It was signed ‘828’ – a common practice among neo-Nazi organisations using numbers to denote letters of the alphabet, in this case HBH, or Hrvatska [Croatia], Blood, and Honour. The Croatian channel is now accessible only with an invitation and password.

On the basis of photographs from Rijeka, previous concerts and profiles on social media, BIRN believes that the person with Nazi tattoos next to the Hungarian guitarist photographed on the Rijeka beach is Adam Toth, also from Hungary. Shortly after the Antifascist Courier post, his Facebook profile was deleted. 

Photographs of the first Despa Memorial concert were published in 2015 on the portal Patriotic Voice – the Voice of Croatian Patriots, along with a post describing the event in a summer house “in thick shade in the vicinity of the Adriatic coast” with guests from Italy, Slovenia and Hungary. People can be seen making Nazi salutes, while songs were sung about “the awakening of Europe” and in honour of Blood and Honour.

One person who took pride in attending was Bojan Mohoric; first mentioned in the Antifascist Courier article, BIRN has found that Mohoric published photos in 2020 with a flag of the Croatian branch of Blood and Honour on his Twitter profile, which is no longer active.  

The flag also featured the coat of arms of the World War Two fascist puppet state, the Independent State of Croatia, NDH, as well as the triskele symbol that was appropriated by the Nazis and has become a well-known symbol of white supremacy.

On his Twitter profile, Mohoric wrote that he is from Rijeka. He did not respond to requests for comment.

According to Croatia’s official registry of associations, Mohoric is founder of the Nevera Cultural Identity Society. At the association’s registered address in Rijeka, BIRN found Marko Turkalja, a musician from Zagreb who confirmed that the association was registered at his home address. He said that Mohoric lived in the same building but was on vacation.

Mohoric’s association shares the same goals as the Croatian branch of Blood and Honour, namely the promotion of Croatian and ‘European’ identity. It claims on its website to act within the ideological framework of Croatian nationalism and European ‘identitarianism,’ a movement that argues white Europeans are being displaced by foreign immigrants.

In late October, BIRN found Mohoric at a debate on the rise of the right at a café in Rijeka, sitting across from Patrik. He declined to be interviewed or to confirm whether he is a member of Blood and Honour. “I don’t want to say anything. That’s my democratic right,” he said.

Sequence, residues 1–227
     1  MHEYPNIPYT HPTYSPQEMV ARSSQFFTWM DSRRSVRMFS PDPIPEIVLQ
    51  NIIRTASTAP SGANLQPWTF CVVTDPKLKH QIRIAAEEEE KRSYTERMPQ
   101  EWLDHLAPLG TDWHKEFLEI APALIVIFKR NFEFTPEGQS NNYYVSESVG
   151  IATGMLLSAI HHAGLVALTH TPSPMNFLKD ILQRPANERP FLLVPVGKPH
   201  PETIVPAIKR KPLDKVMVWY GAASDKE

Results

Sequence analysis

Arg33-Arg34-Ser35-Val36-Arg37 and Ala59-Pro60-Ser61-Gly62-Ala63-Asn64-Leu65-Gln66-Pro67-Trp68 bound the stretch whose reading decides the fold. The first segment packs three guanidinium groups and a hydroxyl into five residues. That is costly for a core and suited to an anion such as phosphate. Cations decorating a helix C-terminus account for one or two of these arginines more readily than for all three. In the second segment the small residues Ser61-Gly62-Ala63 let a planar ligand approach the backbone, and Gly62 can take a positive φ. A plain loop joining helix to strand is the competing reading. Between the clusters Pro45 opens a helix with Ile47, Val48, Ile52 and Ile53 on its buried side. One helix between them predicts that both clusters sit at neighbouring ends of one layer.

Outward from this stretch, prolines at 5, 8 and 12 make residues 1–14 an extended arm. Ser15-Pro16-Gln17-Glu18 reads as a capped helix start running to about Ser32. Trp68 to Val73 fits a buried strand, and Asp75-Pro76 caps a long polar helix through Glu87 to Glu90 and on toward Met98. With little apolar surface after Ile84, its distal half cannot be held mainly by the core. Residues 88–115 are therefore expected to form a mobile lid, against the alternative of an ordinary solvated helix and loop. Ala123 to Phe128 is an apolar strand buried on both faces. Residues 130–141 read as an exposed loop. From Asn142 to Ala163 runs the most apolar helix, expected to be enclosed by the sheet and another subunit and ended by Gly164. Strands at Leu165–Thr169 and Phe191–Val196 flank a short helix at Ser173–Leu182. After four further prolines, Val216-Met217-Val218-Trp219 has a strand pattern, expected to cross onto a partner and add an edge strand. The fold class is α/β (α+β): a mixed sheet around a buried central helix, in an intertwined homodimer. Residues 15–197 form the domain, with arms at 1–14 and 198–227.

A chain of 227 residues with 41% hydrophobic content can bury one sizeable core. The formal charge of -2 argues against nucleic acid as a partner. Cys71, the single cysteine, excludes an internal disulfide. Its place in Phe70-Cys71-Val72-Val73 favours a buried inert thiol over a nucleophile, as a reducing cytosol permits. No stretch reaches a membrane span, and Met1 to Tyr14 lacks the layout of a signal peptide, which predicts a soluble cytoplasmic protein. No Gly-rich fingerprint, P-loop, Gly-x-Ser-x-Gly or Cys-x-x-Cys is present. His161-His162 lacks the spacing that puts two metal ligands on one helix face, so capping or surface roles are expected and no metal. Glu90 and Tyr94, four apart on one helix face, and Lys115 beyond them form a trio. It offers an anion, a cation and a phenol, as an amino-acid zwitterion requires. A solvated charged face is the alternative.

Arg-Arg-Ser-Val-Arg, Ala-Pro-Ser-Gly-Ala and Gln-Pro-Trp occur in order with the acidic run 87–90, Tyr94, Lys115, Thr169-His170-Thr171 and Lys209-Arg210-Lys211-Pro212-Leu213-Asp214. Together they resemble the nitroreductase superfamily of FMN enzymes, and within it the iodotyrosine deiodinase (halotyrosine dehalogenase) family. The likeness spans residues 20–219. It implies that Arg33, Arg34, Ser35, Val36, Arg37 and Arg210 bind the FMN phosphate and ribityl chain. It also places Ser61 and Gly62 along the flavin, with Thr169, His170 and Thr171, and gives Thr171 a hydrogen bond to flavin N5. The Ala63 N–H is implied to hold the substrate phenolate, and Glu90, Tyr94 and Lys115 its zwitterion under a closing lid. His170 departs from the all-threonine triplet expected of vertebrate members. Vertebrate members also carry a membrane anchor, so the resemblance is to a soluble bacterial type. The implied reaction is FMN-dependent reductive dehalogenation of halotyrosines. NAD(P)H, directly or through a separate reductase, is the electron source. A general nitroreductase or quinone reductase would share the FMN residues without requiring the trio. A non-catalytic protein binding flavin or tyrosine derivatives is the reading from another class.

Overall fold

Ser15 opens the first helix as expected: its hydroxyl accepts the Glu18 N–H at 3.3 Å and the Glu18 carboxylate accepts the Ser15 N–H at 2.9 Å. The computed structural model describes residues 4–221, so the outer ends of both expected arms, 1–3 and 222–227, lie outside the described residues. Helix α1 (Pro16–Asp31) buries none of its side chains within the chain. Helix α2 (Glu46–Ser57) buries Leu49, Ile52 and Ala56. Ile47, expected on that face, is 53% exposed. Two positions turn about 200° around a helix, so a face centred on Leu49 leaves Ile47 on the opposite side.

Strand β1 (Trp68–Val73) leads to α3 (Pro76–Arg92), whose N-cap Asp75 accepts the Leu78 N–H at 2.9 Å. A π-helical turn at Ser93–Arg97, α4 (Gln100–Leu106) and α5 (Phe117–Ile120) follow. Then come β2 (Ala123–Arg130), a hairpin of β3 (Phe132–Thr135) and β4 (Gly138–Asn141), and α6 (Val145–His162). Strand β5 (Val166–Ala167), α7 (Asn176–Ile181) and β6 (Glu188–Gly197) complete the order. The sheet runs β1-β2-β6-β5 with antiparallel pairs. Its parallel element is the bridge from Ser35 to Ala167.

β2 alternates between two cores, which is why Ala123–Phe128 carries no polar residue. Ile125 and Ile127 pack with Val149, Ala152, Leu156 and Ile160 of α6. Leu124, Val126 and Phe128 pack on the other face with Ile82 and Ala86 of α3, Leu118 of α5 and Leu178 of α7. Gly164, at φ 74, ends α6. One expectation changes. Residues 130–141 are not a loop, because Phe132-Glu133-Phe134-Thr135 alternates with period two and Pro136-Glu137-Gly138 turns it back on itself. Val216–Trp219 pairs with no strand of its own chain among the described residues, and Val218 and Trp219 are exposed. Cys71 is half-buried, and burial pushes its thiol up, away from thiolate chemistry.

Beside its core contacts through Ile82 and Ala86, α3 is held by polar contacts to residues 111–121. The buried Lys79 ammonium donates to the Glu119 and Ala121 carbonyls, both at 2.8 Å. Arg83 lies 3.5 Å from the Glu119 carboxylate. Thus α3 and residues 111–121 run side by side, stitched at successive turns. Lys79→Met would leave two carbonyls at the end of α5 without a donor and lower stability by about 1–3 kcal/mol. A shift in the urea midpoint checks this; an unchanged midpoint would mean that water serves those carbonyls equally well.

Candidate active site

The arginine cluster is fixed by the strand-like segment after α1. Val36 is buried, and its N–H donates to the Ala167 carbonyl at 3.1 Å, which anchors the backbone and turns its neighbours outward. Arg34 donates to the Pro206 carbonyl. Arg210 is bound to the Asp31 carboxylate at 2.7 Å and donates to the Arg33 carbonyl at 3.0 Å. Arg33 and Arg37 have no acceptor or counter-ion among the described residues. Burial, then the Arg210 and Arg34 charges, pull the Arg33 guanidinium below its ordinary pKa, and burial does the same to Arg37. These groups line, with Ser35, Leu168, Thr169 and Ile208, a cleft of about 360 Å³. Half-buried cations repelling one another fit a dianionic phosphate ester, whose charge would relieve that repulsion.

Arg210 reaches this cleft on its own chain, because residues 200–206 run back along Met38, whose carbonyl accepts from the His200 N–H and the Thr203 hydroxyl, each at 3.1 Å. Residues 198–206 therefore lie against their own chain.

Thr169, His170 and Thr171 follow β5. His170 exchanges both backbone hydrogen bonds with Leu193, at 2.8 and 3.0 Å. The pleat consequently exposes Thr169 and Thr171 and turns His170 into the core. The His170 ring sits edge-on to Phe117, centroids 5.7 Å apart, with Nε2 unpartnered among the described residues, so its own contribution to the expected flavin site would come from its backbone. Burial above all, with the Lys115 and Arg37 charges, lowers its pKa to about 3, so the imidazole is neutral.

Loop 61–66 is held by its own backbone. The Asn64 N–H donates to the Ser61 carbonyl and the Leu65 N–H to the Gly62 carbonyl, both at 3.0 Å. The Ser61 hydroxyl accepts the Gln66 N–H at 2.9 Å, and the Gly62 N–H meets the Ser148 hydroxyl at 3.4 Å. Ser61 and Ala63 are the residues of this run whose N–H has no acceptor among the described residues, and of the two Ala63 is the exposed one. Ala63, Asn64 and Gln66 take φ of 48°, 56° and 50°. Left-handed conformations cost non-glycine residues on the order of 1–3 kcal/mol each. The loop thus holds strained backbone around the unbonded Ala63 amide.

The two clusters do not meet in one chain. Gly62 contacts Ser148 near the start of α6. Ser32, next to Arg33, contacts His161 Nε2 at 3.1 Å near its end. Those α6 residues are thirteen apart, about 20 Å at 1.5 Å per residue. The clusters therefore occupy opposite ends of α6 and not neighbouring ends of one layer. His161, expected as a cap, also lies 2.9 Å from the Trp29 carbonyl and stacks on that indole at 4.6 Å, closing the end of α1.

Hate speech 

Another neo-Nazi concertgoer is Hrvoje Pavlicic, who posted a photo from a Blood and Honour concert last year. After being contacted by BIRN, Pavlicic removed the photo and a number of others posts and then blocked the BIRN reporters on Facebook. In his social media activity, Pavlicic has expressed hatred of migrants and other minorities.

Pavlicic’s profiler also previously featured a photo depicting knights primed for battle, with the hashtag #refugeeswelcome. Pavlicic is a member of the Order of the Silver Dragon, a Croatian association dedicated to the preservation of ancient customs, beliefs and crafts.

Another of Pavlicic’s photos shows him in a t-shirt with the words ‘White Pride Worldwide’ written around a Celtic cross, a common white supremacy symbol; another shows him among a group of people beneath confederate flags and the slogan ‘Rock against Communism,’ the name given to a series of right-wing concerts held in Croatia.

In Osijek, eastern Croatia, BIRN tracked down another member of Blood and Honour to a tattoo studio called Mad Arts but also known as Mosquito.

The own, Josip Mujcinovic, has a photo on his Facebook page showing him in a shirt featuring the words ‘Blood and Honour Croatia.’ His studio offers tattoos of the Black Sun, a well-known neo-Nazi symbol. 

Outside the studio, Mujcinovic told BIRN he did not have time to talk. He had the number 88 tattooed on his neck, which most often corresponds to the Nazi salute ‘Heil Hitler’.

After the encounter, Mujcinovic deleted photos showing him in the company of individuals in Black Sun t-shirts; his own shirt bore the word ‘Defend’, widely used among rightists to mean ‘Defend Europe’. 

In February, after Russia invaded Ukraine, Mujcinovic posted on social media in support of Ukraine; days later, Mohoric posted a photo of what claimed to be an ‘official announcement’ by the Croatian branch of Blood and Honour and that read: “Blood and Honour Division Croatia stands unconditionally in support of Ukrainian nationalists in liberating their country from Russian invasion and occupation. Ukrainian brothers and sisters, keep the faith, no surrender!”

Neither the Hungarian nor the Croatian branch of Blood and Honour responded to requests for comment.

Balkan Insight

The Balkan Insight (fornerkt the Balkin Investigative Reporting Network, BIRN) is a close group of editors and trainers that enables journalists in the region to produce in-depth analytical and investigative journalism on complex political, economic and social themes. BIRN emerged from the Balkan programme of the Institute for War & Peace Reporting, IWPR, in 2005. The original IWPR Balkans team was mandated to localise that programme and make it sustainable, in light of changing realities in the region and the maturity of the IWPR intervention. Since then, its work in publishing, media training and public debate activities has become synonymous with quality, reliability and impartiality. A fully-independent and local network, it is now developing as an efficient and self-sustainable regional institution to enhance the capacity for journalism that pushes for public debate on European-oriented political and economic reform.